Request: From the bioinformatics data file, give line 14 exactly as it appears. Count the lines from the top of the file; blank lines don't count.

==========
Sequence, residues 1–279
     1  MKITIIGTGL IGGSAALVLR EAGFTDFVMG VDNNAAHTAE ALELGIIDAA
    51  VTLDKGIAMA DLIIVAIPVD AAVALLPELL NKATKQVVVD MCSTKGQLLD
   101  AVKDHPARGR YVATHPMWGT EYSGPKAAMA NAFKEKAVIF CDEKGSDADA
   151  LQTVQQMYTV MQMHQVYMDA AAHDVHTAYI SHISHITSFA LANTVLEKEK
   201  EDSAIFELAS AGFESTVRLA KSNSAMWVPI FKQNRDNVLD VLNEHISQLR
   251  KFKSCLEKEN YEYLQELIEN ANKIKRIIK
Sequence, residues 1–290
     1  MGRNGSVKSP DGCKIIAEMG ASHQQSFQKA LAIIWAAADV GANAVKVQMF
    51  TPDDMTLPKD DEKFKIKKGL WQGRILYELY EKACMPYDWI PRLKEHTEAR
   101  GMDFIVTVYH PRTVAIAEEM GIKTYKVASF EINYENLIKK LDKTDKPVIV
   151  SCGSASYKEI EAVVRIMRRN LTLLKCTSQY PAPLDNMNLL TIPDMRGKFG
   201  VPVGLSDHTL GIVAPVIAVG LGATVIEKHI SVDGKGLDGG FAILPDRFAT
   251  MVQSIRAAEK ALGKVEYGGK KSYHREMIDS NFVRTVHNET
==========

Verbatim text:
   251  MVQSIRAAEK ALGKVEYGGK KSYHREMIDS NFVRTVHNET